Like the recent Air Guitar Nation, Rock the Bells’s homespun documentary aesthetic evokes a DVD special feature more than an actual film, its multiple narratives often tangentially divergent and only incidentally related, while its sparse and scattershot interview segments suggest material culled together from less than optimal filmmaking conditions. A key difference between the two films, however, is that while the former attempted to channel its slice-of-life musical observations into a narrative arc that betrayed its subject’s unique qualities in the name of surface-deep drama, Rock the Bells remains steadfastly attentive to the unfolding conflicts it captures. Chronicling the efforts required to organize, promote, and execute the infamous Rock the Bells concert in July 2004, the film illustrates not only the allure of and passion aroused by musical spectacle (the concert was the first in many years to successfully reunite the Wu-Tang Clan and was ultimately the group’s final performance before the death of Ol’ Dirty Bastard later that year), but illustrates through passive observation the capability of hip-hop to speak to political oppression and counterculture values. Tedious early scenes detailing the organization of the concert as a thankless passion project are given added weight when the much-hyped event finally unfolds, the potency of the rhythmic performances in the midst of failing equipment and overwhelmed security guards suggesting a perpetual battle for higher ideals amid the rancor of a capitalist society. If the film feels plagued by a lack of focus and relatively limited scope, the resolution of its subjects—both on and off the stage—succeeds in keeping it as potent as one of ODB’s classic rhymes.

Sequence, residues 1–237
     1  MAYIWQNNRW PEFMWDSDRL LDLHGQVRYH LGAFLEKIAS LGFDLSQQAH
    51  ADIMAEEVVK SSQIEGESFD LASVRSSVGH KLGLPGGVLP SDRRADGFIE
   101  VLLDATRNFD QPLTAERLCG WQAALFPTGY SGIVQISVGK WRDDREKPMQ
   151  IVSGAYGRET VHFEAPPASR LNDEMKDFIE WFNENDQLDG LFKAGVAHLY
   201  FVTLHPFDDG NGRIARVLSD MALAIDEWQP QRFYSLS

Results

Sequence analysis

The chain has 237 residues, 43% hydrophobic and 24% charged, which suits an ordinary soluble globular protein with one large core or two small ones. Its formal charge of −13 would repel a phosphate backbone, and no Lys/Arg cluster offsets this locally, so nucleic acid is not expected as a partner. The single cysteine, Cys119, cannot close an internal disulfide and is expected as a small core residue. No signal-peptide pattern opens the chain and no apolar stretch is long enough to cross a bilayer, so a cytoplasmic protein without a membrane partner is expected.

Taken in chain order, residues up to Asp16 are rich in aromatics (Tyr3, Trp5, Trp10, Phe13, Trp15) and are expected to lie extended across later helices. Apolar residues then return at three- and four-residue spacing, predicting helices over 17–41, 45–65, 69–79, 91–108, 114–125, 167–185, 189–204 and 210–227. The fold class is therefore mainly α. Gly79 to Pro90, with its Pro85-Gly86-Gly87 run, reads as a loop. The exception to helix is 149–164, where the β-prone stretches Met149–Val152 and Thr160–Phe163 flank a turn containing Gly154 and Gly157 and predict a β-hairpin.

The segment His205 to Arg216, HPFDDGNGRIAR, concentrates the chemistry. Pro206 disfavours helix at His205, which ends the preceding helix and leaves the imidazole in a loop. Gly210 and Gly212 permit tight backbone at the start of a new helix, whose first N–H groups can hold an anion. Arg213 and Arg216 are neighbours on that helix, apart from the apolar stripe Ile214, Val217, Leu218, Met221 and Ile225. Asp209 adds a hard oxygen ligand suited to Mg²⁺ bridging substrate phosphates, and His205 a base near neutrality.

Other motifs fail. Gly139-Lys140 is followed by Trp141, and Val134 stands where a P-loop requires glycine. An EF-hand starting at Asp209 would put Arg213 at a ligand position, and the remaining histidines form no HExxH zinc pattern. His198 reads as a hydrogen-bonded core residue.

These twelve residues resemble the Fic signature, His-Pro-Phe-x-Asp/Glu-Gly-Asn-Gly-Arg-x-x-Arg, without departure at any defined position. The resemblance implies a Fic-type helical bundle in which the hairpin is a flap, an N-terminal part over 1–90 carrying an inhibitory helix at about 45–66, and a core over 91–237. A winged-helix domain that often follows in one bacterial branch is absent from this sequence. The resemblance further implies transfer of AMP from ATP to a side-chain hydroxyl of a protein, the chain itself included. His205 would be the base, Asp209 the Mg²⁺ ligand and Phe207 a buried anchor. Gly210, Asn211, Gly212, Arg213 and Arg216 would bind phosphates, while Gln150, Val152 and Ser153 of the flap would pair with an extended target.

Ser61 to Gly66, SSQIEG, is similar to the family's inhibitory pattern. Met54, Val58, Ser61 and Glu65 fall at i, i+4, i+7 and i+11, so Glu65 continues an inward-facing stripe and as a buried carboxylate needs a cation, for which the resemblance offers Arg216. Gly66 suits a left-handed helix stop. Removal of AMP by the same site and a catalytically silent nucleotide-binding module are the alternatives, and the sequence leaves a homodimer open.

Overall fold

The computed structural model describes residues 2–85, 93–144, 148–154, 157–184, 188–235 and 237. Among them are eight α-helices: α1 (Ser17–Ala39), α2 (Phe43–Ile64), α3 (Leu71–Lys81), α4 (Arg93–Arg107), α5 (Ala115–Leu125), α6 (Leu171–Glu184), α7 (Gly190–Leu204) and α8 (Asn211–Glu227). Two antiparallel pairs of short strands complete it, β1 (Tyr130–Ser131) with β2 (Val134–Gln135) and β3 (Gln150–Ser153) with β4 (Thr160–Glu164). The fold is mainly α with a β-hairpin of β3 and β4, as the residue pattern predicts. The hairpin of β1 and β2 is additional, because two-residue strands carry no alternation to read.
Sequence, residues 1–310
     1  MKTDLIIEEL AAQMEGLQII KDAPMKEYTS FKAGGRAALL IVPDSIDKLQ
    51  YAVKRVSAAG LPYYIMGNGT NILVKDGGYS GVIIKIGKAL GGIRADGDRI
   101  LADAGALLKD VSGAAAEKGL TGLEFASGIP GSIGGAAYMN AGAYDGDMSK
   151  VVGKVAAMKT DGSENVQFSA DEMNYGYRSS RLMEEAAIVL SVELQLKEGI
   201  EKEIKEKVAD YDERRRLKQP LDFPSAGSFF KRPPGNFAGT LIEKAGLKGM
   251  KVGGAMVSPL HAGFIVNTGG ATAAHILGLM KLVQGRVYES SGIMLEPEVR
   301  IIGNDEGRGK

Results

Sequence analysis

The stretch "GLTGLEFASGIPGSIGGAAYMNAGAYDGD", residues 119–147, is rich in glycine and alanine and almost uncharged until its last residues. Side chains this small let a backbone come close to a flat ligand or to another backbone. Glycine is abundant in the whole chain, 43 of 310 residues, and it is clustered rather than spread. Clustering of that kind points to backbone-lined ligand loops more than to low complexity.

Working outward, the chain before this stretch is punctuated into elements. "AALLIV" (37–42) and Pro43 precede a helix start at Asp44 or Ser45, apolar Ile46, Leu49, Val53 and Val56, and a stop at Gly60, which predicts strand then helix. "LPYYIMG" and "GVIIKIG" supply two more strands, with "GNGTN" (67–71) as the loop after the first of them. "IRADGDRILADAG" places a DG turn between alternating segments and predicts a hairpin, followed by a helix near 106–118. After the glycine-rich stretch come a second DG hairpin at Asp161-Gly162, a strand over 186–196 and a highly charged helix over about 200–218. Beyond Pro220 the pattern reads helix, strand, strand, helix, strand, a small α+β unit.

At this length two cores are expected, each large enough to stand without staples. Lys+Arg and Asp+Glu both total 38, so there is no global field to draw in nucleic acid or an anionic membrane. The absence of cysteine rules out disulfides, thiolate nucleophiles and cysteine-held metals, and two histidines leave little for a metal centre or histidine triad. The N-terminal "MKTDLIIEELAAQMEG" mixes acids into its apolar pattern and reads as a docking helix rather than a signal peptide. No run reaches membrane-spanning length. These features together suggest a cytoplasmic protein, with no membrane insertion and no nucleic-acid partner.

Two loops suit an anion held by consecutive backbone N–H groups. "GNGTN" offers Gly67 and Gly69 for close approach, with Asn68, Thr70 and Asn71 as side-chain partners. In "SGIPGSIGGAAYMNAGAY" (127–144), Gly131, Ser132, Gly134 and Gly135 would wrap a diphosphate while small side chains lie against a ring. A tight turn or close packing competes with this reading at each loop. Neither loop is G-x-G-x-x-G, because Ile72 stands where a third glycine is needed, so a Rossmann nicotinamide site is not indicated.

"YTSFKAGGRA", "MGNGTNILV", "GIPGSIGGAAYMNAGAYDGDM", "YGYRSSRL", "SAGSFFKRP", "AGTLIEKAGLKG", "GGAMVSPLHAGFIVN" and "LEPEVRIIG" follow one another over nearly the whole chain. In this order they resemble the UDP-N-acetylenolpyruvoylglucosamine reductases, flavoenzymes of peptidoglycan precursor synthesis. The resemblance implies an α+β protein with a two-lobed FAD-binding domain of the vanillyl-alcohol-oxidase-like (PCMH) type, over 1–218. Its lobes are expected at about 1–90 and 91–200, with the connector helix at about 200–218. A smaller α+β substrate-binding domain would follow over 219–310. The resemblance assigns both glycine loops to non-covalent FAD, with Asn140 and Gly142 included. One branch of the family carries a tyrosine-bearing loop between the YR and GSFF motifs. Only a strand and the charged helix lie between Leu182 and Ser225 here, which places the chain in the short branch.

Review: Rock the Bells
The resolution of its subjects—both on and off the stage—succeeds in keeping it as potent as one of ODB’s classic rhymes.
Score:Cast: Chang Weisberg, Carla Garcia, Brian Valdez, Wu-Tang Clan, Redman, Dilated Peoples, MC Supernatural, Sage Francis, Eyedea, Abilities, Chali 2na, DJ Numark Director: Denis Hennelly, Casey Suchan Distributor: 7th Art Releasing Running Time: 103utes min Rating: NR Year: 2006 Buy: Video